It is worth noting that individualism was not yet in its glory and would not be so for many centuries after Martin Luther tacked his 95 theses to the door of his university church. The new national and Protestant churches enforced uniformity within state borders. Even after this, and in 19th and 20th century countries where multiple expressions of Christianity were dominant in settler colonies of western Europe, there was a social uniformity enforced by social pressures that did not need legislation. Nationalism itself took on religious aspects and enforced a collective discipline on minds.

I won't here get into thinking about why individualism seems so much more extreme, or perhaps it would be more accurate to say, ordinary, today. But the process towards this particular point in time where we now live and where I write these thoughts has very deep roots and has disrupted the place and role religion has played for most of western history.

Sunday, November 27, 2016


I haven't posted here for quite a while, but a few things caught my notice recently.  Three things to be more precise, and all three contain elements of irony. One involves a new movie; one a poet who has just died; the third my father.

First, the movie: Silence - a movie by Martin Scorsese

The irony was pointed out in a post by the ultra Catholic Regina Magazine as Martin Scorsese is a lapsed Catholic. I didn't find this surprising as I am not surprised that even those who reject their childhood faith retain it somewhere in their conscious  or unconscious minds. I am always reminded of the probably apocryphal story of the emperor Constantine waiting until he was on his deathbed to convert to Christianity fully. I have had my own struggles with faith throughout my adult life so am less inclined to throw the first or even the eighteenth stone than those comfortable in their beliefs.

Second: Leonard Cohen. He was raised Jewish and his songs and poetry often contained religious references, sometimes Jewish, sometimes Christian and sometimes Buddhist. He did spend years in a Zen monastery living as a monk and learning from a Zen master. Yet he enjoyed the full sexual fruits of the successful troubadour if legend be true. I cam across this 'homily' by the Rabbi Jonathan Sacks who analyzes Leonard Cohen's last recording and one track especially. Leonard Cohen the man of the world, first famous and envied for his sojourn on a Greek island with a beautiful woman, ending his life returning in song to the faith of his ancestors?  Irony? No, like Martin Scorsese, perhaps one cannot deny that silent still place deep inside.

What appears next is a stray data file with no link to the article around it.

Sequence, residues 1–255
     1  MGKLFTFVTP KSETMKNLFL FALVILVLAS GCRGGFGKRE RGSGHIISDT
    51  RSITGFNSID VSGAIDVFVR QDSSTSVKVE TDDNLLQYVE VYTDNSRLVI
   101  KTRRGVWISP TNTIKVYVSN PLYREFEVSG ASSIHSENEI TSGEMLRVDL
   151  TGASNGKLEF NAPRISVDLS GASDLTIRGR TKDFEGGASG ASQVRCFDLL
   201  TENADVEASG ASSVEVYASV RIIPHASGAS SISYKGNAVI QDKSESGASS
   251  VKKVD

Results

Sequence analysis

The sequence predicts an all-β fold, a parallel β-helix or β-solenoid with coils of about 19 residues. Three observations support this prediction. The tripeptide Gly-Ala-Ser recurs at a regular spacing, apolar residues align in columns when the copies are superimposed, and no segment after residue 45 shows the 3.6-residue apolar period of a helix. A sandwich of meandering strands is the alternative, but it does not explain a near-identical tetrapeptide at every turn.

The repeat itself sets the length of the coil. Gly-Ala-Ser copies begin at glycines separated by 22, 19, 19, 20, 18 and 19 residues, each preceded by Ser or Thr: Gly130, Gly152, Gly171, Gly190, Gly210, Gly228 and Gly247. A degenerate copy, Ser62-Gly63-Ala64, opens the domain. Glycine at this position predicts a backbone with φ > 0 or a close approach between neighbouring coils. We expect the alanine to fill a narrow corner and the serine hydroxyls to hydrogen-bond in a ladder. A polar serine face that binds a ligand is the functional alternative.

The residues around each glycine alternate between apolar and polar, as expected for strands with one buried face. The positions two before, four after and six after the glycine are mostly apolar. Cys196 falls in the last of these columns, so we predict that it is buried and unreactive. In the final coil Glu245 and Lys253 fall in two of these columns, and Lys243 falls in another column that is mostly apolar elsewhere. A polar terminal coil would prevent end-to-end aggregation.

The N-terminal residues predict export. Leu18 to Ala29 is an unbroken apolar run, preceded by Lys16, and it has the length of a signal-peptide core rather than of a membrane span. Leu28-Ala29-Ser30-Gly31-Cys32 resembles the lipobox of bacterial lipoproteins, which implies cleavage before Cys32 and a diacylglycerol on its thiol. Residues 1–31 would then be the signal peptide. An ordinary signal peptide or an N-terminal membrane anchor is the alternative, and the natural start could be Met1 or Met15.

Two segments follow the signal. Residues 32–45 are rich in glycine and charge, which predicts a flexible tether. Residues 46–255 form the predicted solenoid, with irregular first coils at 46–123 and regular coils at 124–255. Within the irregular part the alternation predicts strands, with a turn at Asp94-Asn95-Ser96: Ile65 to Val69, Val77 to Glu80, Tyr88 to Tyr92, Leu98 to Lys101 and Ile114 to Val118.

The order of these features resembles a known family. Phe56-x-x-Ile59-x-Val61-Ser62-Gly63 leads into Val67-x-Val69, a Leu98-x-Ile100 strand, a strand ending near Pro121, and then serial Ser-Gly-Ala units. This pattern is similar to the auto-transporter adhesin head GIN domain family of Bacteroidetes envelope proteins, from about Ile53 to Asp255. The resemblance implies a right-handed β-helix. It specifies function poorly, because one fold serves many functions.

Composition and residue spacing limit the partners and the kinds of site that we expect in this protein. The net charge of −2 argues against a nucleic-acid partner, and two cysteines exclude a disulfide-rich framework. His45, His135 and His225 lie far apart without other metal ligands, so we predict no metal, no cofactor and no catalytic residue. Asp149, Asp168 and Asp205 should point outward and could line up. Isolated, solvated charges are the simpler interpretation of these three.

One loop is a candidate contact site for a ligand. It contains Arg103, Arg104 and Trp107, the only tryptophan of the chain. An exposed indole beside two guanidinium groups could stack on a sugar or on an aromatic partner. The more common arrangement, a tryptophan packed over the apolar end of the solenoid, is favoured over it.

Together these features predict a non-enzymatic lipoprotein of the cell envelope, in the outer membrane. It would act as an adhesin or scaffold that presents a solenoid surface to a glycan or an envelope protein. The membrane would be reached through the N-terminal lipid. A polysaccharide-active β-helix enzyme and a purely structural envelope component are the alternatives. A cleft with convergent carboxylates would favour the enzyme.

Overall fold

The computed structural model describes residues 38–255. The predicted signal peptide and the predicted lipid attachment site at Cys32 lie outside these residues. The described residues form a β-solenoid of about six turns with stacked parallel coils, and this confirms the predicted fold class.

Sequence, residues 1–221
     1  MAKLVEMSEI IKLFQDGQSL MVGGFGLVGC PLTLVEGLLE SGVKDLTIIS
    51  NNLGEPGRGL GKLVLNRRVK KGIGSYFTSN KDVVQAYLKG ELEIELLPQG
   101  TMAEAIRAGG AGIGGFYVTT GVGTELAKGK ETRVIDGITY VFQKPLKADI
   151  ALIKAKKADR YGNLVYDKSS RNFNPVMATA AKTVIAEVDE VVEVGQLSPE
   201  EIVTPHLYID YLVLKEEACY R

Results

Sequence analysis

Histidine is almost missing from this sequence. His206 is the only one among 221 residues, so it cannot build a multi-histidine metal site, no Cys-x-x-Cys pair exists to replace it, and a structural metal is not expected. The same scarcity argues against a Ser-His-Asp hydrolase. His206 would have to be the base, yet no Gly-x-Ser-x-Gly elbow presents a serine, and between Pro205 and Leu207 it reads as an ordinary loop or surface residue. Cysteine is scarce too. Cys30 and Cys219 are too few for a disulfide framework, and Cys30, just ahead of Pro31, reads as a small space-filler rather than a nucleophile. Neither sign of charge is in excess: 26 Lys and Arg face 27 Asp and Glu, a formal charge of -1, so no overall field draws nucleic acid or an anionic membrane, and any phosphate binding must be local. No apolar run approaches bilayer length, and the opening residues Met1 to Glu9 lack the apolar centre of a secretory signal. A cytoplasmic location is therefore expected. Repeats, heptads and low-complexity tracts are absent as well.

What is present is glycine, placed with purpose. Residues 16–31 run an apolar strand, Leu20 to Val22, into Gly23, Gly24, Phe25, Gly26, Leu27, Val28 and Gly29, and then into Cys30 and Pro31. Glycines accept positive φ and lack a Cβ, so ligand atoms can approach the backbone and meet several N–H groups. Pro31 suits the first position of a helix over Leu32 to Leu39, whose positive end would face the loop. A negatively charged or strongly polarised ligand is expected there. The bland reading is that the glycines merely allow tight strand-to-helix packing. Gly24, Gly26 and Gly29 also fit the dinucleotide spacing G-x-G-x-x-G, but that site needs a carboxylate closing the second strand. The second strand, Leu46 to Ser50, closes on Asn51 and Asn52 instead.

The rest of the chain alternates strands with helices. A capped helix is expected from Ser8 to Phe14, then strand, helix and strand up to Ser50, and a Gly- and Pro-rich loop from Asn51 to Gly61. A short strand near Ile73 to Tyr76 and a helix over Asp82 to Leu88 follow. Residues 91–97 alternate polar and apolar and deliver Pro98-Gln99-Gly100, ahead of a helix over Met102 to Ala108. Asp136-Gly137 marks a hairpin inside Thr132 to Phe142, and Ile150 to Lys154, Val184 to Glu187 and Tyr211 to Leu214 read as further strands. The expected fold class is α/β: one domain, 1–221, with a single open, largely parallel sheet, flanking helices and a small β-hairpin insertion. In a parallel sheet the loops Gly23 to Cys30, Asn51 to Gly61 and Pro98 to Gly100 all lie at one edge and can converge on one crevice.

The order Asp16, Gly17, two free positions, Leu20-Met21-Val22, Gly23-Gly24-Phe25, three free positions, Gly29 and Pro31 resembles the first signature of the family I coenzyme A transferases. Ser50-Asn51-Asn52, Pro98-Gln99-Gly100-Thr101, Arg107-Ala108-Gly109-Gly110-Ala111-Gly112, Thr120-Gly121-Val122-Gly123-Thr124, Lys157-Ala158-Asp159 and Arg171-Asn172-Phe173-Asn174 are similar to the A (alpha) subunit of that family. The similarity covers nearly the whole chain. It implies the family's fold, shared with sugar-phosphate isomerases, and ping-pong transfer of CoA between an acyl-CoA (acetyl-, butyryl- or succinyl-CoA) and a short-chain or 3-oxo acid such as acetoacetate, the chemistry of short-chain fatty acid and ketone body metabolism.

Third: my father.  My father was born a Canadian Methodist, then when that church became the main component of the new United Church of Canada, he belonged there. Around about 1960 he switched to the Anglican Church of Canada, spurred on by the local Anglican priest knocking on our door one day doing a little evangelizing (yes, on rare occasions even Anglicans attempt to convert people). As I liked to tease my Dad, the proximate cause was the local United Church minister passing the temperance pledge around the congregation one Sunday. My Dad fumed over that, ranting that no minister was going to tell him he couldn't drink his Labatt's IPA while watching the CFL in the Fall. Later in the 1970s and on, my Dad fell away from church attendance, leaving my mother to go alone. He had all the memes and shallow arguments atheists hold dear for his drifting away, until that is, he came to his final illness. Although he had lost much of his ability to make sense, when the Anglican lay ministers arrived at his nursing home, suddenly his mind sprang to life again and he knew all the responses to Anglican Holy Communion and took Communion every Sunday until he died.